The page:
Grant-in-Aid for Scientific Research (B)
|Allocation Type||Single-year Grants|
Town planning/Architectural planning
|Research Institution||Building research Institute|
HAYASHI Yoshihiko Building Research Institute, Department of Fire Engineering, Chief Research Engineer, 防火研究グループ, 上席研究員 (70212157)
KATO Shinsuke University of Tokyo, Institute of Industrial Science, Professor, 生産技術研究所, 教授 (00142240)
OOKA Ryozo University of Tokyo, Institute of Industrial Science, Assistant Professor, 生産技術研究所, 助教授 (90251470)
SAGA Takeshi Tohoku Institute of Technology, Department of Architecture, Professor, 工学部建築学科, 教授 (50085437)
YUSA Shuitsu Building Research Institute, 防火研究グループ, 所付 (70344009)
NARUSE Tomohiro Building research Institute, Department of Research Planning and Management, Coordinator for International Research Cooperation, 企画部, 国際研究協力参事 (50237624)
岩見 達也 国土技術政策総合研究所, 都市研究部, 研究員
大宮 喜文 東京理科大学, 理工学部・建築学科, 専任講師 (10287469)
|Project Period (FY)
2002 – 2003
Completed(Fiscal Year 2003)
|Budget Amount *help
¥14,600,000 (Direct Cost : ¥14,600,000)
Fiscal Year 2003 : ¥3,500,000 (Direct Cost : ¥3,500,000)
Fiscal Year 2002 : ¥11,100,000 (Direct Cost : ¥11,100,000)
|Keywords||Urban Fire / Firebrand / Spot Fire / Fire Skip / Fire Wind Tunnel Experiment / CFD / CFD|
1.Purpose of the Research
This study was intended to perform fire wind tunnel experiments to elucidate the properties and behavior of firebrands produced from burning houses under a wind load and to develop a firebrand-based fire-spreading simulation model by combining the experiment results with the Computational Fluid Dynamics(CFD) technique.
2.Findings of the Research
(1)With regard to firebrand generation
A fire resistant house was constructed inside the fire wind tunnel facility at the Building Research Institute, Japan. Time-series measurements were conducted for quantity, shape, size, and other aspects of firebrands generated during a fire, systematically varying the speed of inflow wind and other parameters. Based on those results, the quantity of firebrands generated from a burning house under a wind load and other factors were generalized.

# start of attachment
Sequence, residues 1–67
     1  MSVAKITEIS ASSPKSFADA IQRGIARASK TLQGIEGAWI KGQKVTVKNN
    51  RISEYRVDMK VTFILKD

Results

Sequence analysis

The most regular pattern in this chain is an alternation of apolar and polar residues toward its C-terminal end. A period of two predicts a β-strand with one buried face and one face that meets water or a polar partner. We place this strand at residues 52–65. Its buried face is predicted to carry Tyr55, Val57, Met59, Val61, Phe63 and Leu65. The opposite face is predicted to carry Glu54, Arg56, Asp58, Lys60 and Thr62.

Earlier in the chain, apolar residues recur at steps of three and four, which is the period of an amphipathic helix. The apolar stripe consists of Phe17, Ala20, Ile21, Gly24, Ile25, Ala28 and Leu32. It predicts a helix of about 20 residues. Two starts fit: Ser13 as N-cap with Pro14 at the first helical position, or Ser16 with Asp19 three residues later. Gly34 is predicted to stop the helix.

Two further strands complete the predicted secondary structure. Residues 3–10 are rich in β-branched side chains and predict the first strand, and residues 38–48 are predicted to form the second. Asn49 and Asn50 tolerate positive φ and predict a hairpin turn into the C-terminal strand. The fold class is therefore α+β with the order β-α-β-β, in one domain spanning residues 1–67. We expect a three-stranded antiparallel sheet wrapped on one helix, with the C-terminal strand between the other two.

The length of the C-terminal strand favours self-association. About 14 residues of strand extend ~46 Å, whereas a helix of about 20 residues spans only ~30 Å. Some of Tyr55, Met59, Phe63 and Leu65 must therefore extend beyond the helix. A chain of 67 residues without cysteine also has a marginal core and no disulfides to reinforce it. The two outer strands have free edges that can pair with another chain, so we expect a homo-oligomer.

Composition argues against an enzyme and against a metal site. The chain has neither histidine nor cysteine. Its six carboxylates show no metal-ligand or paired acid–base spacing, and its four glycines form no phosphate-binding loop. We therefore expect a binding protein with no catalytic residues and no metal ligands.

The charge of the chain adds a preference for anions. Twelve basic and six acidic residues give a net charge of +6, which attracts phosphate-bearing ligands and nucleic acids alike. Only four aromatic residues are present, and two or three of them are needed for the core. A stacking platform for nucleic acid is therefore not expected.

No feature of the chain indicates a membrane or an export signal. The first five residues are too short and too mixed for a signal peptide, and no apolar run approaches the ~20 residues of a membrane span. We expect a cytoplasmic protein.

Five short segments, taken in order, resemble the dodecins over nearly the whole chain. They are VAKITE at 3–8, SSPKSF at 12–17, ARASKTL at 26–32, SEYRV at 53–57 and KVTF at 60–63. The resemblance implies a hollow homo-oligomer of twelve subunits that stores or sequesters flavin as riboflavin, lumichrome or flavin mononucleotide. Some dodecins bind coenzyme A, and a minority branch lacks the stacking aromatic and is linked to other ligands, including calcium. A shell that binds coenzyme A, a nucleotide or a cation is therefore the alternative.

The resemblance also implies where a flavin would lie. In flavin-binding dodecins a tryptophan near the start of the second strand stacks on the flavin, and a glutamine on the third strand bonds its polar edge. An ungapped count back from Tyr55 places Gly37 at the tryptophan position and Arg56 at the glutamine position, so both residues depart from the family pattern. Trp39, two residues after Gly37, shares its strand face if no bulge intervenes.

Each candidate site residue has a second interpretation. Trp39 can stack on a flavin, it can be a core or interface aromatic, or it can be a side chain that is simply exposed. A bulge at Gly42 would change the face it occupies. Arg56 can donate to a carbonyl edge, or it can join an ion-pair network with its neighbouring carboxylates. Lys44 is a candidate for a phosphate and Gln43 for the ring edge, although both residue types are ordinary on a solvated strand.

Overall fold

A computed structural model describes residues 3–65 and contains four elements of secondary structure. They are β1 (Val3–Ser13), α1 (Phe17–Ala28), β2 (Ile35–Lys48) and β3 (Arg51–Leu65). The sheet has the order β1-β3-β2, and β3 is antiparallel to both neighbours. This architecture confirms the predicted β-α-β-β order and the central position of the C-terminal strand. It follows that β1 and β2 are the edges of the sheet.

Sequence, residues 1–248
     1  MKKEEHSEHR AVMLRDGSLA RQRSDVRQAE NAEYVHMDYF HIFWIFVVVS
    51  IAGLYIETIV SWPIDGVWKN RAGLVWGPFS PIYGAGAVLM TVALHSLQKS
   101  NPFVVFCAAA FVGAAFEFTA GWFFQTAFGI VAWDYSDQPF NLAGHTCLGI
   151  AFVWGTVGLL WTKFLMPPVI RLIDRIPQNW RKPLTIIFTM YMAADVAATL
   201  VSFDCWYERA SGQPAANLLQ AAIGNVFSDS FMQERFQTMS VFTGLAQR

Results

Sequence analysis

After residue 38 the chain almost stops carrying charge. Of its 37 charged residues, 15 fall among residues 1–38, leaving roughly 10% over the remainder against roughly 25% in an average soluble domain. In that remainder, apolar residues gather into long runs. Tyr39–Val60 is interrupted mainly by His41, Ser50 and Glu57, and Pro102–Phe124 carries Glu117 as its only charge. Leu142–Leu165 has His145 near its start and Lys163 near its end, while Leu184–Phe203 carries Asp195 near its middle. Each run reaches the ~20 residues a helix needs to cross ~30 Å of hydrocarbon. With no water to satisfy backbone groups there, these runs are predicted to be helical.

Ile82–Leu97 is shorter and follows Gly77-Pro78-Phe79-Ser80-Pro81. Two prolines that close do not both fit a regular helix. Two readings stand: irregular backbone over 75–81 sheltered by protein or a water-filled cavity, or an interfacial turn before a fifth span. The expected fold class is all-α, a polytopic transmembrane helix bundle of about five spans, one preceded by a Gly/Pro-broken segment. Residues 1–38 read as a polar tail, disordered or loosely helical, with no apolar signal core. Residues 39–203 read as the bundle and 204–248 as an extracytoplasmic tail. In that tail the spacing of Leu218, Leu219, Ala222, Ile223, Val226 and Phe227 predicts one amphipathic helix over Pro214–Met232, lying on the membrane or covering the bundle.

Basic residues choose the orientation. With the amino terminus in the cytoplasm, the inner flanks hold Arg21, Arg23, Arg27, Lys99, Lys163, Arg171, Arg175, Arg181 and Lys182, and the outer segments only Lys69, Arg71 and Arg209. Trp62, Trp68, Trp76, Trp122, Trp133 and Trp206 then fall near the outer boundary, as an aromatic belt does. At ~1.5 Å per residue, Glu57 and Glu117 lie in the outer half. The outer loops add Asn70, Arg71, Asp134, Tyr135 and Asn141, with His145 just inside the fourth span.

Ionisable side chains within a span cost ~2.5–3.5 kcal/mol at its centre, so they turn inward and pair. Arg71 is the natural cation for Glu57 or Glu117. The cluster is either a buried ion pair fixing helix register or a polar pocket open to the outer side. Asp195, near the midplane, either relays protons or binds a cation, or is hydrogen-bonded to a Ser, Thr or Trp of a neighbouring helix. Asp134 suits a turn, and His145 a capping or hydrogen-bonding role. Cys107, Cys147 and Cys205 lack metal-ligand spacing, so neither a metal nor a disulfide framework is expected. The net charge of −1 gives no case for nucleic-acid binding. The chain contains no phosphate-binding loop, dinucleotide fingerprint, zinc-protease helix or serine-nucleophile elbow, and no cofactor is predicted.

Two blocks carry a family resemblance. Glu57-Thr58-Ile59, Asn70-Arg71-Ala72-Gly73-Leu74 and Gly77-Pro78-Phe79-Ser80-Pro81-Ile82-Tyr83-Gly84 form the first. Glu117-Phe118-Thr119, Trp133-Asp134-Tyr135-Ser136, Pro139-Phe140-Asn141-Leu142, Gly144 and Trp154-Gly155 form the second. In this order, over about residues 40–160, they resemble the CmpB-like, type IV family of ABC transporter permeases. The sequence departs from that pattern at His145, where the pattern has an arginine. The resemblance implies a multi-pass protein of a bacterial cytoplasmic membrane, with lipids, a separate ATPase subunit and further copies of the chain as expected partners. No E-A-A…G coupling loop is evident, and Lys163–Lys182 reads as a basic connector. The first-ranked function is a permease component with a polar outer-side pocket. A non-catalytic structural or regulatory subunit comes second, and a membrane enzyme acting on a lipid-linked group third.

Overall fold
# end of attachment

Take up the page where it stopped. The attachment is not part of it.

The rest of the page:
(2)With regard to the scattering of firebrands
A numerical simulation model was developed through modification of the Fire Dynamics Simulator(FD
S) of the National Institute of Standards and Technologies(NIST) to predict the firebrand scattering area. It was designed to deal with rapid thermal and density changes in a fire, as well as to take into account the drag and lift forces working on scattering particles. The model was subjected to full validation based on the results of a fact-finding survey of the firebrand scattering area in a fire that broke out at the Shirahama Spa, Wakayama prefecture. Cone calorimeter tests were also conducted using wood chips resembling firebrands to clarify the thermal behavior of scattering firebrands in terms of the heat generation rate and mass changes.
(3)With regard to the thermal damage potential of falling firebrands
In a post-earthquake situation in which roof tiles have usually fallen off of a structure, the spot fire risks become high because of the exposure of wooden materials used for roof structures. Given that, based on aerial photographs and field surveys performed of the city of Kobe after the Great Hanshin-Awaji Earthquake, the number of wooden buildings with fallen roof tiles was counted, classifying the level of structural damage. In addition, a general expression was proposed for predicting the shedding of roof tiles immediately after an earthquake. To clarify the spot fire behavior of roofs, fire wind tunnel experiments were performed using the shedding status of roof tiles and wind speed as parameters.
(4)Development of firebrand fire spread simulation model
A firebrand-based fire-spreading simulation model was developed by integrating the findings described in (1),(2) and (3) above. Case studies of actual built-up areas were also conducted. Less